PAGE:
To be clear, I like Spotts, and think his heart is in the right place. But he doesn’t understand the particulars, and why the CCC is a fundamentally bad idea (or why we don’t need a second tunnel). The tourists are back. The workers are slowly returning. We actually do have a fairly strong, vibrant downtown. Spending a fortune on something that adds so little (when we don’t have that much money) is a really bad idea.

  23. Lazarus: “I’d reduce almost every bus currently operating on 3rd. Everyone of them. Metro is currently wasting too many operator hours running nearly empty buses on 3rd. Our peer cities have figured this out and are wildly outperforming Metro. Metro should be able to do it too, and free up all those wasted operator hours for transit that actually matters. It is well past time for a rethink of Metro operations in DT Seattle.”

    This doesn’t make any sense. Each route goes to a different neighborhood. They have to be there so that people downtown can catch them. They have to be together on one street so that people can transfer between them and to/from Link. The city has made the entire street transit-only with limited exceptions, so the buses get through the area robustly now. You may see empty buses because they’re near the end of their route and people have already gotten off. The 3rd Avenue segment from Jackson to Stewart is only a mile or ten minutes, so not many service hours, and they’re the most useful hours because they’re in the densest area and central transfer hub. If you add the area between Stewart and Denny it’s still most of that. So the buses aren’t wasting hours there; they’re doing their job. Saying Metro’s transit mall is less performant than Portland or other cities is just silly.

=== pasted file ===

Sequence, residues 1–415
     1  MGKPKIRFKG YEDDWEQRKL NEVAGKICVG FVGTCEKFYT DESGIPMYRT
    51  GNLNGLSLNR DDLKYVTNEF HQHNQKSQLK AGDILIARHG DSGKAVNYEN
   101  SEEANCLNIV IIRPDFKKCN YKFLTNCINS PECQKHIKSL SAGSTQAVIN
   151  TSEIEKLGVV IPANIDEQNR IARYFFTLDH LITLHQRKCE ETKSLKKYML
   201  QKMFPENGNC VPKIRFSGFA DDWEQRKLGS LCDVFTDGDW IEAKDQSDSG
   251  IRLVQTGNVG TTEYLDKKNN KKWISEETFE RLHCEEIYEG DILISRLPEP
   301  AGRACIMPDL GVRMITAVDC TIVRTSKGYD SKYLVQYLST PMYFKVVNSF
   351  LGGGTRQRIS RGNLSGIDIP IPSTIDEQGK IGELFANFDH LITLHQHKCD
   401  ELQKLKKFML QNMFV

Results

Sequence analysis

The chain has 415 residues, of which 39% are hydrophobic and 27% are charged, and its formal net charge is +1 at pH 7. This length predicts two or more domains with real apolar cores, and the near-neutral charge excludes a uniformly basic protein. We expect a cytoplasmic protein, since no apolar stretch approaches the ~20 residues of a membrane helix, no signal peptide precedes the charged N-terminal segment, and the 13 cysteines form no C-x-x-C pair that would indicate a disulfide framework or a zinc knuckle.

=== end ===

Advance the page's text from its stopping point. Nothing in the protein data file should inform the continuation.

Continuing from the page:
The city and Metro are gradually streamlining the routes there. They want more RapidRide lines there, and restructuring some non-RapidRide routes out of downtown. The ST2 and ST3 Link extensions will make that more feasible. So what you want is going to happen anyway. It has been slowed by the recession and driver shortage and Kubly-era fairy budgeting: the RapidRide lines are coming more slowly and fewer of them than expected. But they’ll get done eventually. And the Downtown Seattle Association is already ready with a few proposals on how to reconfigure Third when the number of buses go down, for whatever they’re worth. We don’t need to go deleting bus routes or moving them to First just because Lazarus is offended by them.